Too hot! Too hot! - Tropical Fish Keeping - Aquarium fish care and resources
 
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post #1 of 6 Old 05-20-2012, 04:35 PM Thread Starter
Too hot! Too hot!

My poor fish are cooking in this heat. I have both of my tanks upstairs (no room anywhere else in the house) and my betta's 4 Gal. is registering 85F on the thermometer. I thought maybe the heater was malfunctioning in the 4 Gal., but my 20 Gal. is reading 83F. So nope, it's just because they're hot like the rest of the house.

I don't know what to do to get the temps back down to a more healthy level.
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post #2 of 6 Old 05-20-2012, 06:11 PM
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From what I have read before 85 degrees doesn't seem that bad for a betta. I keep both my betta's in a tank that is about 83 degrees and they are doing great. I think over 85 would be too hot though.
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post #3 of 6 Old 05-20-2012, 06:30 PM
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Quote:
Originally Posted by Stormfish View Post
I don't know what to do to get the temps back down to a more healthy level.
Some people will freeze bottles of water, and float them in the tank. You can also get a fan to blow across the top of the tank, but that requires leaving the lid open. If you've got $500 to spend you can get a chiller

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post #4 of 6 Old 05-20-2012, 07:05 PM
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This question is asked every summer. But the answer is the same.

Temperature variations occur in the wild and fish will generally adapt. If the daytime temperature in the room reaches 85F then the aquarium will be that warm too; while the larger the tank the longer it takes to warm, the average home aquarium will eventually heat up to the room.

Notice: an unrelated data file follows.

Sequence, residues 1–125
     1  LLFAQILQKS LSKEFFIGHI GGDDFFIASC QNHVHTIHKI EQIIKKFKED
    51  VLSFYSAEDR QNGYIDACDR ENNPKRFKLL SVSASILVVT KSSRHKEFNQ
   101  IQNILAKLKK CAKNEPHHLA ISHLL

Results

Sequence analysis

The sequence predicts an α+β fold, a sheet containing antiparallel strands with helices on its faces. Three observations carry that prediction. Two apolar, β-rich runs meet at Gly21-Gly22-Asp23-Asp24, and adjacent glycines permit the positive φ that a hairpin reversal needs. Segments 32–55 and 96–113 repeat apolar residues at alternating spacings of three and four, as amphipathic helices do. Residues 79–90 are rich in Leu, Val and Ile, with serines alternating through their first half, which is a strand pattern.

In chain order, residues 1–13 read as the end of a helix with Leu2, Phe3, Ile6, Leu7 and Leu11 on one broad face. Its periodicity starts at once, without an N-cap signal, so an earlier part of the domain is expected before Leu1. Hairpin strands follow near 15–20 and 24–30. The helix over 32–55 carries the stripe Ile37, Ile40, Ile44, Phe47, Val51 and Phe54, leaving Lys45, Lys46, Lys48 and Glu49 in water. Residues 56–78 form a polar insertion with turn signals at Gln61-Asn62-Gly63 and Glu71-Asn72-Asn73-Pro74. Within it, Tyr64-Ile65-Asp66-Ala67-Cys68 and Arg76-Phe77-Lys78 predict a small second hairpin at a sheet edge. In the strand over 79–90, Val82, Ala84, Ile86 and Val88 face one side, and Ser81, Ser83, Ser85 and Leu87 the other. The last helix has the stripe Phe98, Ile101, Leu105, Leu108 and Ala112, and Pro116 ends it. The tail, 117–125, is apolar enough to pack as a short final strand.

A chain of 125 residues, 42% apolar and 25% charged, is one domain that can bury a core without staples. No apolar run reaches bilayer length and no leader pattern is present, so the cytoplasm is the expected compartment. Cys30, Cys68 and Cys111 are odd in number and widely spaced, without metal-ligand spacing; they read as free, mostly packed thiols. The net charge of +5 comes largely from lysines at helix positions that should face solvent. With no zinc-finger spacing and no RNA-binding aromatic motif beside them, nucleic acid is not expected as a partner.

It is better to leave this, than do something that results in up and down swings. The cold water/ice floating/water changes is not advisable, and these cause rapid temperature fluctuations that are stressful on fish. If it is really hot, opening the cover (but many fish will jump, so use caution), turning off the tank lights (if no live plants, leave the lights off; if plants, turn the lift off earlier in the day), and aiming a small fan across the surface can help. In the tank, increase water circulation (even add an airstone) to keep oxygen entering the water, since the warmer the water the less oxygen it can hold and fish have to work harder to get it. Overnight, the room will likely cool a bit, as will the tank with it.

Don't feed as much, even missing alternate days. It takes energy for fish to eat, and this adds to the sttress in high temperatures. Keep the fish as calm as possible. If they can just "chill out" under a plant leaf they will be better; just as we on hot days like to sit quietly in the shade.

I have all my tanks in a fishroom, and it will get well over 90F in the summer, in the room and the tanks. I now have a portable air conditioner in this room, that keeps it about 82F on hot days. But before I got this, the tanks were left alone and I never lost a fish. It will cool at night, so it is not the same as a constant too-high temperature.

Byron Hosking, BMus, MA
Vancouver, BC, Canada

The aquarist is one who must learn the ways of the biologist, the chemist, and the veterinarian. [unknown source]

Something we all need to remember: The fish you've acquired was quite happy not being owned by you, minding its own business. If youre going to take it under your wing then youre responsible for it. Every aspect of its life is under your control, from water quality and temperature to swimming space. [Nathan Hill in PFK]

Last edited by Byron; 05-20-2012 at 07:07 PM.
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post #5 of 6 Old 05-20-2012, 07:07 PM
That temp is fine. Most of my fish are kept at 80-82 degrees.

.... I'm probably drunk.

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post #6 of 6 Old 05-20-2012, 09:02 PM Thread Starter
Whew! Good to know. Thanks for the responses, folks! If any of them seem stressed, I'll turn the lights off sooner (although the 20 Gal. is live-planted), and feed less. I already run airstones.
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